211 new immigrants arrived in Israel from embattled eastern Ukraine
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                  World Jewish News

                  211 new immigrants arrived in Israel from embattled eastern Ukraine

                  211 new immigrants arrived in Israel from embattled eastern Ukraine

                  01.09.2016, Repatriation

                  Following the increase of hostilities on the Russian-Ukrainian border in recent weeks, 211 new immigrants from Ukraine arrived this week at Tel Aviv’s Ben Gurion Airport, most of them from the embattled regions in the Eastern part of the country.

                  The olim arrived on a flight sponsored by the International Fellowship of Christians and Jews (IFCJ). It is the 19th flight the organization has sponsored since the fighting between Russia and Ukraine began.

                  The youngest members of the group were 6-month-old infants. The oldest new immigrant was an 82-year-old woman.

                  The new immigratnts will join the roughly 4,000 Olim from Ukraine who have already made aliyah with the IFCJ since 2014.

                  Among the olim there are 37 children who will begin their studies in Israeli schools in two days, and out of the 37, nine of them will be starting first grade.

                  One of the children, Natalia S., who arrived in Israel with her mother and son, said that she was forced to leave the city of Marinka in the Donetsk region in Eastern Ukraine after the extensive bombing in the city that began in April 2014.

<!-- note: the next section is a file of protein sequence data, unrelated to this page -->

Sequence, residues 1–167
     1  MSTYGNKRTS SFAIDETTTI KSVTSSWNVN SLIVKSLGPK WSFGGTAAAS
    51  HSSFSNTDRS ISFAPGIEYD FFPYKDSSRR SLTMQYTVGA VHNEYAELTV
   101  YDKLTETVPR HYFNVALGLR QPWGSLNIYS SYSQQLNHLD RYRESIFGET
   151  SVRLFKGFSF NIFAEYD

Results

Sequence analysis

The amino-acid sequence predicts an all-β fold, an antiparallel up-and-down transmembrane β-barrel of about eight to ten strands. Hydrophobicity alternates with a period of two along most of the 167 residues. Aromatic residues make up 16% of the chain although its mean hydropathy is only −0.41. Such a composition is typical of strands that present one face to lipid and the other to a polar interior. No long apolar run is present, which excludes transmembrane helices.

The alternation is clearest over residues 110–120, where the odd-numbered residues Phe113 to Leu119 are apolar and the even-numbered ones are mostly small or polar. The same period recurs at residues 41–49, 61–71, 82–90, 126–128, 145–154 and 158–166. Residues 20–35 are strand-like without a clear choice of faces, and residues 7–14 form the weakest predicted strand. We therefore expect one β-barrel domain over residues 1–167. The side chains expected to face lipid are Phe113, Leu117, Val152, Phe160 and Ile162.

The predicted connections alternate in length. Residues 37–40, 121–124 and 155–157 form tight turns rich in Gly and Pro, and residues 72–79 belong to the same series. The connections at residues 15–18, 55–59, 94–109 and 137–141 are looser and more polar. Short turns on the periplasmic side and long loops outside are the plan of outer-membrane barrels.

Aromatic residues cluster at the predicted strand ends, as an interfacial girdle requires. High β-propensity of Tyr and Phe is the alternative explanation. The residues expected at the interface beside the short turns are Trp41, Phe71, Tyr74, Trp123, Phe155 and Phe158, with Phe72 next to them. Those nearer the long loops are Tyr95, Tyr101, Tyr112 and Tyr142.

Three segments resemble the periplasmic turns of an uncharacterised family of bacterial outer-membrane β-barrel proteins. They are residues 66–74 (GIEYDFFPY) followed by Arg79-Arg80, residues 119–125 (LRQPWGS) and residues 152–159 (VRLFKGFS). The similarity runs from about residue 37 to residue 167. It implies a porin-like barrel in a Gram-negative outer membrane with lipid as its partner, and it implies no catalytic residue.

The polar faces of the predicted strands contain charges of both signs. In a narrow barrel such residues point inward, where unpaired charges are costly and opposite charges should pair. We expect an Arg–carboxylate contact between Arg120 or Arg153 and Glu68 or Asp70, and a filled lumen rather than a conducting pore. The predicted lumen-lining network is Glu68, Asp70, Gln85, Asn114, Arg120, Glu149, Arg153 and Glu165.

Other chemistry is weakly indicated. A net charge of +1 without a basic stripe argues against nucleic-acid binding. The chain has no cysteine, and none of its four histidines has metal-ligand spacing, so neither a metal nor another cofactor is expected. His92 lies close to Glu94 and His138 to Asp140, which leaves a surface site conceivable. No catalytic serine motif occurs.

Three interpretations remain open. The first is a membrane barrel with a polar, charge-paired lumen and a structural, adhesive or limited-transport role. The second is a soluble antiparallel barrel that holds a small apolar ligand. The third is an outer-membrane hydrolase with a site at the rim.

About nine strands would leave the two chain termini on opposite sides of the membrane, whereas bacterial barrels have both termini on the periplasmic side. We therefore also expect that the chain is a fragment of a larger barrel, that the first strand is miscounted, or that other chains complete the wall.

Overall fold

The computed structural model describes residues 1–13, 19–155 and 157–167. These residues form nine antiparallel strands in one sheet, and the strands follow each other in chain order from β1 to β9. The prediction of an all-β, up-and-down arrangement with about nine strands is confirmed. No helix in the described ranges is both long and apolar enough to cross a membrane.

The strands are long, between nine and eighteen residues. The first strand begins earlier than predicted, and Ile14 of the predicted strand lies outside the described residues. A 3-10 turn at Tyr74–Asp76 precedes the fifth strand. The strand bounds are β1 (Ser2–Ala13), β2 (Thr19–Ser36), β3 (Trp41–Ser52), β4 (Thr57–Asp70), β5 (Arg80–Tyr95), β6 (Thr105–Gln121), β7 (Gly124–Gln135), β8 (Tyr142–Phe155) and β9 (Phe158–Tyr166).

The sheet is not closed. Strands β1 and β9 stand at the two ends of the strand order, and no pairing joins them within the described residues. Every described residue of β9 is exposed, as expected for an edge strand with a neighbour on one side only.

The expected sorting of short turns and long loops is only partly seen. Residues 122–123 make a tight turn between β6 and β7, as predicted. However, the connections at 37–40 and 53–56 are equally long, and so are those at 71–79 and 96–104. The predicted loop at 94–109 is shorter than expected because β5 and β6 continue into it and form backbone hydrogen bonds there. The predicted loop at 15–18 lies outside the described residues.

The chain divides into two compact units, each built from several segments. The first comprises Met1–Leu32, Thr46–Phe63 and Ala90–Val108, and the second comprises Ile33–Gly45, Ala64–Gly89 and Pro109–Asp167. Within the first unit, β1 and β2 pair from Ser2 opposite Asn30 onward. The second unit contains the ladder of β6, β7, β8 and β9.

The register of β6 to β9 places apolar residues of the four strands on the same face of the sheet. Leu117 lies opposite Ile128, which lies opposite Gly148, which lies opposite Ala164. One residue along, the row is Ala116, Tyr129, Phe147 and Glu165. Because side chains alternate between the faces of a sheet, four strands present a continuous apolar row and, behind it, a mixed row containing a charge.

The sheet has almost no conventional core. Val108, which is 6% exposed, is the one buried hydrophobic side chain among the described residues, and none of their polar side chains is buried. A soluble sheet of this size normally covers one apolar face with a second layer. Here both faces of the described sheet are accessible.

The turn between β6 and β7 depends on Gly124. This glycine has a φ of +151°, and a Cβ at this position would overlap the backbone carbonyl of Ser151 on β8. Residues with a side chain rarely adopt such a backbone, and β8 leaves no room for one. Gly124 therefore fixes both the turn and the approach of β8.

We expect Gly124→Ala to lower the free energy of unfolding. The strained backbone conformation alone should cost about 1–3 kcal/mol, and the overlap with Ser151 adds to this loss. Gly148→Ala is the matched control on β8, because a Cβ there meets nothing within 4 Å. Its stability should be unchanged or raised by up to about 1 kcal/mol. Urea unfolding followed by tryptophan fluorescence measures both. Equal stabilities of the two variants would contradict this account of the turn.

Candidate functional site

The building where her family lived was bombed and some of their neighbors were killed. Natalia explained that her family's Jewishness was kept secret by her grandmother who had survived the Holocaust, while her husband, Natalia's grandfather, was in a concentration camp. As a result, she says, "we knew we had Jewish roots but did not have the documents to prove it."

                  According to Natalia, one of the times the family visited the Holocaust Museum one of the employees at the site advised her as to what archive she should search in to find documents that would prove their Jewish roots.

                  "Because of the advice we were given, we went later to the archive and found my grandmother's documents. In the documents, we read that she had changed her name and her father's name, from "Alia" and "Avraham" to "Lisa" and "Peter".

                  Natalia, her mother, and her son are planning to settle in the city of Acco, in northern Israel.